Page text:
Myth #6: That’s a Lot of Medicine For a Small Person!

Myth #7: That's a Lot of Medicine For a Little Person!

Some of my friends on Twitter have been following the ADHD Myth series here. I asked for their favorite myths.

From Mobile, Alabama, ADHD specialist James Wiley, MD, responded with one he hears a lot in his practice.

Let’s call it Myth #6: That’s a Lot of Medicine For a Small Person!

He explains:

The dose of stimulant medication is not dependent on the size of the individual.

Sometimes little guys absorb the medication poorly and metabolize it quickly.  So, they require higher doses than big guys that absorb well or metabolize more slowly.

I have 300-pound offensive linemen well-controlled on small doses and little gals on high doses! One size doesn’t fit all!

14 thoughts on “Myth #6: That’s a Lot of Medicine For a Small Person!”

  1. I’ve been on medicine for my ADD/ADHD since I was 5 now 33 I’m 4’11” and 105lbs I take 40mg of instant release Adderall a day. So size does not matter!

    1. When my child was thirteen or so, she took medication around the clock or could not sleep. Her smart psychiatrist understood the problem, and said more than once her liver must be made of strong stuff, because the dosage she had to take in order for it to do the job in her brain was more than he or any pharmacist said they had ever seen a child take.

      And, she was most certainly not over medicated. We got to that point a time or two, and backed off. It was completely apparent, with a great slowing of cognition, which resolved as the medication was metabolized. She might have weighed 95 pounds and took something like 240 mgs of Vyvanse in a 24 hour period. So what.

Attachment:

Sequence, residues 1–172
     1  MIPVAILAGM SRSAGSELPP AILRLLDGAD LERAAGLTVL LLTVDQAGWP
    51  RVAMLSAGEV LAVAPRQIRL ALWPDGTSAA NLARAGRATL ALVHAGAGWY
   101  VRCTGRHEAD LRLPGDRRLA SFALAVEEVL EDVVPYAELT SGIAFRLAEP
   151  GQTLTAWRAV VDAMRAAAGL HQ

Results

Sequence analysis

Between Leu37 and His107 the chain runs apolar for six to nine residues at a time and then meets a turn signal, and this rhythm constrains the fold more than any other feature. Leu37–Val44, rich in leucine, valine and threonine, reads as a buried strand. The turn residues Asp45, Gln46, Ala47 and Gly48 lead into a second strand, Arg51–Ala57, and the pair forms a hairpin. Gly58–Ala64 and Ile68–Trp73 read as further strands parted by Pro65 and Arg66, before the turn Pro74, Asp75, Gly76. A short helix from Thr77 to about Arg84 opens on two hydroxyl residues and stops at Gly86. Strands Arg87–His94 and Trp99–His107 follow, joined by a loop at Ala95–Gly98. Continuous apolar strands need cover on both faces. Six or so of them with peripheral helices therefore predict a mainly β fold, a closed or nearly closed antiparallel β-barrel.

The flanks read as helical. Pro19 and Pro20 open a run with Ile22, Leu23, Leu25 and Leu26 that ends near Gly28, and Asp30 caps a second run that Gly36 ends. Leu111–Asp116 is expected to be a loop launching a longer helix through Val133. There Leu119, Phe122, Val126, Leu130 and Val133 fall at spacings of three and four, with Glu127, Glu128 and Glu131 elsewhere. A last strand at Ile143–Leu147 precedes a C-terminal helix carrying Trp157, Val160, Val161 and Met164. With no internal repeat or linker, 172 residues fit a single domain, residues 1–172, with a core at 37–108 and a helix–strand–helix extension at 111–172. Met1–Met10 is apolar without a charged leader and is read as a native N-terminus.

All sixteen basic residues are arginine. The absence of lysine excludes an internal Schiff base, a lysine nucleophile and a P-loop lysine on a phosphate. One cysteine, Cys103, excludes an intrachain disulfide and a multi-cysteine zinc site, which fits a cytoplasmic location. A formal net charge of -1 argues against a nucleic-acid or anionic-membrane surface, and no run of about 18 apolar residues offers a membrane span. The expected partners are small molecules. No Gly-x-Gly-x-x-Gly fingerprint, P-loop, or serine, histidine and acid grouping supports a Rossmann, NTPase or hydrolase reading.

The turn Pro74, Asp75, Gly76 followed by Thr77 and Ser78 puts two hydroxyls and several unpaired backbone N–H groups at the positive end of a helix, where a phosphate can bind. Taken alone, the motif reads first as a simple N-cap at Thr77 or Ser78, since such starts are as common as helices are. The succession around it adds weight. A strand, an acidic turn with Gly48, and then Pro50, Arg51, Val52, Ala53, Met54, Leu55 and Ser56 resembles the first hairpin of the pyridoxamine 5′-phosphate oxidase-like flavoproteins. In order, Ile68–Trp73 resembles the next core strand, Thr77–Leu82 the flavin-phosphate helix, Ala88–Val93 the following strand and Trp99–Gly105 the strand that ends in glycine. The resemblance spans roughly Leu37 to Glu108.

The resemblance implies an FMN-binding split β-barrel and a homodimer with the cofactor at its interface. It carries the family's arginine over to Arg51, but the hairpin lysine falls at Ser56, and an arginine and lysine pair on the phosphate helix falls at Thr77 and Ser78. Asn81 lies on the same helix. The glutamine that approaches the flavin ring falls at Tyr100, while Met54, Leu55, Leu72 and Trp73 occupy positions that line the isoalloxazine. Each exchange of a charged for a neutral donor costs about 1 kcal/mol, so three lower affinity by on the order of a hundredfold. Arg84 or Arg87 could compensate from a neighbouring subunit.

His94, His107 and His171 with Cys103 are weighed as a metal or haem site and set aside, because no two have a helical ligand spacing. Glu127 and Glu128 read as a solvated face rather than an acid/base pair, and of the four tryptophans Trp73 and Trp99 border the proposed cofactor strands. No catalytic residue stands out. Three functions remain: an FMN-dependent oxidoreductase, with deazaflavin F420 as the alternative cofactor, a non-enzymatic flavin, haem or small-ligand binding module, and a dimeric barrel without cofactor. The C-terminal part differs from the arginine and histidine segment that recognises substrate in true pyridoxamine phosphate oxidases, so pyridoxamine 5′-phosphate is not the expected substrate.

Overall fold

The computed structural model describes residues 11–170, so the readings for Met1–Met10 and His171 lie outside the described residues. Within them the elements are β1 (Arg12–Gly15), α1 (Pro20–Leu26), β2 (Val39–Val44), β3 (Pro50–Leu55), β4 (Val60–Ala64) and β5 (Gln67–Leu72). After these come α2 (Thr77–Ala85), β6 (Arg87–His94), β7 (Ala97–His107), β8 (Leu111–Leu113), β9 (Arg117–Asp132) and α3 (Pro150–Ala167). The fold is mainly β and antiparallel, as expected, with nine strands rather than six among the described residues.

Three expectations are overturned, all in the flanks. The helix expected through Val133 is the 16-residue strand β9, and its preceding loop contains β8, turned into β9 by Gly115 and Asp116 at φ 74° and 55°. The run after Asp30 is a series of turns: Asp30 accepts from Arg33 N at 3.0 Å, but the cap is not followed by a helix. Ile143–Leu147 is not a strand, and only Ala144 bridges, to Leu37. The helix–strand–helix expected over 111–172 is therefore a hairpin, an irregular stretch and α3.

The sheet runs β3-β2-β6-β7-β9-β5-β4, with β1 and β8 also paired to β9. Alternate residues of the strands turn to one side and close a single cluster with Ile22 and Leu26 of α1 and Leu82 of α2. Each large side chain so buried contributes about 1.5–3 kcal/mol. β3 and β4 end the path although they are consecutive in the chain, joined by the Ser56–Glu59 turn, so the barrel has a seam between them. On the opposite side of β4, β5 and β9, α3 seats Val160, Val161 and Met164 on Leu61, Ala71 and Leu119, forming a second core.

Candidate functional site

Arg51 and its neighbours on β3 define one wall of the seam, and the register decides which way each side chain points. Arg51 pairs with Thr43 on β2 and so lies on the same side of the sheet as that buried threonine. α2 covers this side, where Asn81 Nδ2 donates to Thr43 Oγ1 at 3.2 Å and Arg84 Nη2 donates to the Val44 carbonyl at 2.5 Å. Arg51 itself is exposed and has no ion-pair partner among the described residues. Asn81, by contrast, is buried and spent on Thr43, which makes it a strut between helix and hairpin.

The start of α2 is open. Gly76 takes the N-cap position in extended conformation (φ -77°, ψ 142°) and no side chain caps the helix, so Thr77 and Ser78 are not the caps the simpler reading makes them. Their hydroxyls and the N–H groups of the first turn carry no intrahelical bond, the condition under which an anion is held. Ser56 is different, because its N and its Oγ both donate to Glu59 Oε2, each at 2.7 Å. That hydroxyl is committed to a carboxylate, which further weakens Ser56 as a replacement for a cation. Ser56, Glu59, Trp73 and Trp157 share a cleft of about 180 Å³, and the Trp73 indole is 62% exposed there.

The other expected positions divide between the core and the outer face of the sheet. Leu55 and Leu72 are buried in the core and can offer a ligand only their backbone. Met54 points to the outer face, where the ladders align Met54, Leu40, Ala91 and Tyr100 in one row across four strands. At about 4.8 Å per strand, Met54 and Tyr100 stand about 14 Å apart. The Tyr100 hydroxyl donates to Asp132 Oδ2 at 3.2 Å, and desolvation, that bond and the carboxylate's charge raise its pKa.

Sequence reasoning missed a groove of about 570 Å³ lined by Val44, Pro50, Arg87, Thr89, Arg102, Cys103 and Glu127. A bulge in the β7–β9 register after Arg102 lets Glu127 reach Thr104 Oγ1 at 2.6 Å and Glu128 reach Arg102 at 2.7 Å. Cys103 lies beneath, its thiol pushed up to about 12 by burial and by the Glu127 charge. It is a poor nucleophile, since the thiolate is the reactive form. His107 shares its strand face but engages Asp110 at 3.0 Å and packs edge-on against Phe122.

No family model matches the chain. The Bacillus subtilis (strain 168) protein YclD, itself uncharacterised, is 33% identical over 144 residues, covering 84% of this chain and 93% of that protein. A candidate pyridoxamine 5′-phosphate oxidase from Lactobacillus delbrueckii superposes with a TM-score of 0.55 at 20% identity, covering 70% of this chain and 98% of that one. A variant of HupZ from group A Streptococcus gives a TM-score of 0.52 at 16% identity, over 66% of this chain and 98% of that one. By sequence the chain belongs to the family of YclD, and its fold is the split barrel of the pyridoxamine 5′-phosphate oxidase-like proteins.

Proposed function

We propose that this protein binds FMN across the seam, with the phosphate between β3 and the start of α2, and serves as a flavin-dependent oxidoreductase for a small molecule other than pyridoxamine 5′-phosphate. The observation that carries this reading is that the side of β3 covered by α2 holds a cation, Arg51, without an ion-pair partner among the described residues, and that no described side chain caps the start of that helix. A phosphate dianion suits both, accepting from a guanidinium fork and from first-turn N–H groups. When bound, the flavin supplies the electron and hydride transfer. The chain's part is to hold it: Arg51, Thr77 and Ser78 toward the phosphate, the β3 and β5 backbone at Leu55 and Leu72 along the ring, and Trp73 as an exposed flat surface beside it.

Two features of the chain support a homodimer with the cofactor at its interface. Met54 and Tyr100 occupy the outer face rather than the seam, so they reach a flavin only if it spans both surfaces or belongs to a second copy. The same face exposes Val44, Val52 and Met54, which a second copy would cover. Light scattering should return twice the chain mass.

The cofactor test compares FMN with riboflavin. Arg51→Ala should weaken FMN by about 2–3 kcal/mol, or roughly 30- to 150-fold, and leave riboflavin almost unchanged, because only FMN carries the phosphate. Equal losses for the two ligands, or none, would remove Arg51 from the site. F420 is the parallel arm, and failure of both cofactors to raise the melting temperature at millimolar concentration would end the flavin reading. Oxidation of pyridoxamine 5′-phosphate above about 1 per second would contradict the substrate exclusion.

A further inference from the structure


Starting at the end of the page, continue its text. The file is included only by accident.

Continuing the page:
2. Hi Betsy,

      Wow, that must have been a trick to get approved by insurance.

      BTW, I thought of you last night, at a talk by William Walsh, PhD, author of Nutrient Power.

      I’ll post the videotaping when it comes online.

      g

    3. Those were the days when her Kaiser pediatrician and Kaiser neurologist put their heads together and decided they would sign off on whatever our paid-out-of-pocket child psychiatrist wrote.

      Until the day someone in the echelons of Kaiser must have audited random charts, and the pediatrician was livid, throwing accusations at her/us for abusing meds, etc. etc. It was a most ugly and unforgivable scene. We never went back. It was such a breach of trust and, to me, a clue that he hadn’t been paying attention all along, and that he didn’t trust US. Not a relationship to try to rescue when you’re living a beleaguered life already.

      No regular insurance company will pay for that, and for all I know, Kaiser wouldn’t either, nowadays.

    4. Probably the pediatrician just wanted to stay employed.

      Here in the Bay Area, KP made ADHD a “low priority” for adults.

      It’s gotten better in recent years, thank goodness, but only with specific Mds.

      g

    5. That SF “low priority” for adults with ADHD thing at Kaiser served my brother ill. In spite of having two siblings both with ADD and in the field professionally, he has been woefully un-helped.

  2. Betsy Davenport

    I have explained this to many skeptics, including some with the letters, “MD” after their names. Discouraging.

  3. Our first doc told Dr. Math/The Vulcan that he had, “The most severe case of ADHD he’d ever seen,” and that he “had no idea how [Dr. Math] was able to get a PhD.” Seriously.

    Dr. Math takes a lower dose of MPH than I do. 😛

    1. There’s another thing that definitely DOES NOT affect how much medication is requied–the ‘severity’ of the ADHD. The previously mentioned 300# offensive lineman (seriously, this is big dude) is also one of the most hyperactive guys that I’ve treated. He is on very low doses.
      My collegues are well meaning but we were never trained to take care of ADHD. Those of us who know these things have learned from a precious few mentors and the School of Hard Knocks–which is brutal (but often effective) teacher! We have to change that! Focus-MD and I are committed to making that change and I appreciated Gina and her passion for evidence based medicine. She is a great advocate!

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